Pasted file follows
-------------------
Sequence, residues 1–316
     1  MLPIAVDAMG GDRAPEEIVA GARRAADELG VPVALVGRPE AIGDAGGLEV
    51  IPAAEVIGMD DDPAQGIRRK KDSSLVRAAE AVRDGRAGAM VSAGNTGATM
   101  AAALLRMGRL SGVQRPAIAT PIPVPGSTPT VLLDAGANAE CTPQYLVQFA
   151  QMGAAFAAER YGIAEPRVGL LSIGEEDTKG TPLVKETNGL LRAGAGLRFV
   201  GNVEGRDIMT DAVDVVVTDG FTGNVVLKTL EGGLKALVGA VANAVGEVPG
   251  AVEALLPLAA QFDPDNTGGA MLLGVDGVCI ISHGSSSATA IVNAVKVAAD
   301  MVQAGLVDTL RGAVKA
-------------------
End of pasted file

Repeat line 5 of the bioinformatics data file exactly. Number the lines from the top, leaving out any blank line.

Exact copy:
   151  QMGAAFAAER YGIAEPRVGL LSIGEEDTKG TPLVKETNGL LRAGAGLRFV